Do I think NPR kept Williams on for years, as the relationship degraded, because he is a black man? Absolutely. Williams’ presence on air was a fig-leaf for much broader and deeper diversity problems at the network. NPR needs to hire more black men in house on staff as part of adding diverse staff across many ethnicities and races. It also needs, broadly, a diversity upgrade that doesn’t just focus on numbers, but on protocols for internal communication. Among the revelations in this incident is that the Vice President of News fired Williams by phone without giving him the opportunity to come into the office and discuss it.
After I was let go from hosting an African-American issues show at NPR, I walked away relatively quietly, though with a series of questions about how power was allocated and shared at the network, and whether diversity truly mattered to management. Although the focus right now is on whether NPR should be defunded (God no!), I would like to see a little more light shine on how NPR deals with diversity. It has a new diversity czar, Keith Woods, and I hope he is empowered to look at the issue broadly and respected by management.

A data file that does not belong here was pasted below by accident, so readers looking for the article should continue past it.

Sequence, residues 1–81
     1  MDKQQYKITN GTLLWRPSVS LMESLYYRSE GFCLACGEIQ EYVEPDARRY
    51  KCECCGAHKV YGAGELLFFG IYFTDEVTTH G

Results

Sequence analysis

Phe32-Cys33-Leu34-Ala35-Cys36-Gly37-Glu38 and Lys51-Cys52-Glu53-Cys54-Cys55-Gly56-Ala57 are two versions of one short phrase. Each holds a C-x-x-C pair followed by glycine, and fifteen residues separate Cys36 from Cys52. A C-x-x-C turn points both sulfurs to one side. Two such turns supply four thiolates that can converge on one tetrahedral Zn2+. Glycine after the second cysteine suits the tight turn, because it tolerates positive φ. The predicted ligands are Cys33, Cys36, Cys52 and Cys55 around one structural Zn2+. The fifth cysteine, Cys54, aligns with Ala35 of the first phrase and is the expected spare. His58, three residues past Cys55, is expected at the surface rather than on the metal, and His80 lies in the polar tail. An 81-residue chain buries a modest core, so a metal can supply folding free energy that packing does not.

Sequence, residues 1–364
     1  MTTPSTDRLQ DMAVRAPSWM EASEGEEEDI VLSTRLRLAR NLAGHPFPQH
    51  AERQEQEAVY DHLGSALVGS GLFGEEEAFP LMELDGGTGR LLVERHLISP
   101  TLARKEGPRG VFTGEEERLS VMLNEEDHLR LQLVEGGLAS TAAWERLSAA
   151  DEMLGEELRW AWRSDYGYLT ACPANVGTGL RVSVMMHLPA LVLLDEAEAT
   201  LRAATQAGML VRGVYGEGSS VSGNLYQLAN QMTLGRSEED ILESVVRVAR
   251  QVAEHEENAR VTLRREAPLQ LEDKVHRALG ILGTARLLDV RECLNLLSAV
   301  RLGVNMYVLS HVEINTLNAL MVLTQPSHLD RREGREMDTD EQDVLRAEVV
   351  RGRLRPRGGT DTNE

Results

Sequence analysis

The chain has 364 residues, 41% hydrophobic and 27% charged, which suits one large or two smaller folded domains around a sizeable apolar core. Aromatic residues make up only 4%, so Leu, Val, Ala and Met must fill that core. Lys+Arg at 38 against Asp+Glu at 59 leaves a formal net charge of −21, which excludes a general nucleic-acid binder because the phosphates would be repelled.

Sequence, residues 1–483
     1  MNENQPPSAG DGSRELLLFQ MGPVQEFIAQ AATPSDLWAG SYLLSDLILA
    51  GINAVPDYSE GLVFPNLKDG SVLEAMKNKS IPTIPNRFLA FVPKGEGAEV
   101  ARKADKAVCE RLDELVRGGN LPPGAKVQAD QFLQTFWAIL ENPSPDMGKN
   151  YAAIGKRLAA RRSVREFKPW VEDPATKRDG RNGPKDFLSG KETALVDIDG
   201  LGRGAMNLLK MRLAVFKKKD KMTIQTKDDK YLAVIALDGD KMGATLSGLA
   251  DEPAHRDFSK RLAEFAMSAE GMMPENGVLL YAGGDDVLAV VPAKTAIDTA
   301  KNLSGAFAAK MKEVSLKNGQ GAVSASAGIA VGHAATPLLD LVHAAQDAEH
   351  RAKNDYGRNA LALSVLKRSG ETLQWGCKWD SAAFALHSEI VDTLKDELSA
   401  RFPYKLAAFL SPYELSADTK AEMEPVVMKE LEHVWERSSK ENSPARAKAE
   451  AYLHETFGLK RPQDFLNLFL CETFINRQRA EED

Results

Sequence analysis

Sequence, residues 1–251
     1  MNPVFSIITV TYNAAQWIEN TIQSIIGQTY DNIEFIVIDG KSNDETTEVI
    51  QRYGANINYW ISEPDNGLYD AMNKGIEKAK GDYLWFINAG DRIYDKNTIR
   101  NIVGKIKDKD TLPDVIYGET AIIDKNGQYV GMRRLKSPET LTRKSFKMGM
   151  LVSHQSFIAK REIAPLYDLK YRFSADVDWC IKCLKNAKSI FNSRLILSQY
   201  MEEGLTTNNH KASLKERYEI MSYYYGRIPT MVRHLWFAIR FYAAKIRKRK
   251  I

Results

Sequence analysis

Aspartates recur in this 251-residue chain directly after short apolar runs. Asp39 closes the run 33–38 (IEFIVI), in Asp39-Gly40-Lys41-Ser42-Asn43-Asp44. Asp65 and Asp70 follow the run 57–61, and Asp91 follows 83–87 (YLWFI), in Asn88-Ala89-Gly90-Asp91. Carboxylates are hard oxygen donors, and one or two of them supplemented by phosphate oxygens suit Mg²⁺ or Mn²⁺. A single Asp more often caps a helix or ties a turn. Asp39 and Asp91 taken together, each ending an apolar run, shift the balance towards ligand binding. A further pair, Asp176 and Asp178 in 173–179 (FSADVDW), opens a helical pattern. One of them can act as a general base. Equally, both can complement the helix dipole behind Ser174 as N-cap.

I also hope that NPR continues to support its programming that does feature diverse voices, including Michel Martin’s Tell Me More (which had a great, honest roundtable about Williams) and acquired/partner programming like the fantastic on-the-road/town-hall show State of the Re:Union by Al Letson.
This country needs NPR, now more than ever. But it needs an NPR and media, broadly, that are adventurous rather than expedient when it comes to reporting on a divided America, and cultivating the most diverse staff, and audience.” —NewBlackMan: What Everyone Is Missing About NPR’s WilliamsGate
10 things that the public thinks it knows but political scientists haven’t been able to prove. They are:
1. Money buys the votes of the general public. (Maybe savvy donors just donate to candidates who will win in the hopes of influencing them.)
2. Money buys the votes of elected legislators. (Maybe savvy donors just donate to candidates who will vote the way they would like, and not to those who would not.)
3. Parties influence the votes of elected legislators. (Maybe politicians just sort themselves into the parties they agree with in the first place.)
4. Some candidates are just better campaigners than others.
5. Democracy leads to economic growth. (Maybe economic growth enables democracy. Or maybe they are spuriously related.)
6. Autocracy leads to economic growth. (Maybe economic performance enables dictators to hold onto power.)
7. The media is biased. (Maybe they are just trying to tell us what they think we want to hear.)
8. Voters make choices based on their own self-interest. (Maybe they rationalize their choices in this way.)
9. Voters choose the candidate that is closer to their own preferences.
10. People are more likely to vote when they think the election will be close.
To be sure, the fact that political scientists haven’t been able to prove any of these things doesn’t mean they aren’t true. They haven’t disproved them, either. But it does mean that the evidence isn’t as strong and the case isn’t as clear as we commonly assume.
On Obama listening to Lil Wayne. The artist mentioned above is Shakespeare, btw